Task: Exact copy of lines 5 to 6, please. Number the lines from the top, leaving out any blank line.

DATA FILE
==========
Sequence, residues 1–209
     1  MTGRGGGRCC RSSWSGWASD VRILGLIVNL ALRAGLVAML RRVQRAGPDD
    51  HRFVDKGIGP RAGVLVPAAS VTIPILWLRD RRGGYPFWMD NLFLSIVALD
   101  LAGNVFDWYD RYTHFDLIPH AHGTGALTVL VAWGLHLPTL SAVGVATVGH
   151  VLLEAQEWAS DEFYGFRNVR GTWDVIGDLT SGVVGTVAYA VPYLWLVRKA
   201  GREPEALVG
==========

   151  VLLEAQEWAS DEFYGFRNVR GTWDVIGDLT SGVVGTVAYA VPYLWLVRKA
   201  GREPEALVG